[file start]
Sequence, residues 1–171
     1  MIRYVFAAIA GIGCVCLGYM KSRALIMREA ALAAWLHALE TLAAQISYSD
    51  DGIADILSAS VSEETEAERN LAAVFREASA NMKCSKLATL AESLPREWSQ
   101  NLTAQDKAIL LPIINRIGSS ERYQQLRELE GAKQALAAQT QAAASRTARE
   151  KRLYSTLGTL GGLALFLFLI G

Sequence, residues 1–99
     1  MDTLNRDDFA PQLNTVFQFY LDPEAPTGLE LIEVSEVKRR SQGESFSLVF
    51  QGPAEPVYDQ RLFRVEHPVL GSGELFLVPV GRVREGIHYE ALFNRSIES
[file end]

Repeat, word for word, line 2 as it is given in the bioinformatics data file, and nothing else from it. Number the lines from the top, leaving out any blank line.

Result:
     1  MIRYVFAAIA GIGCVCLGYM KSRALIMREA ALAAWLHALE TLAAQISYSD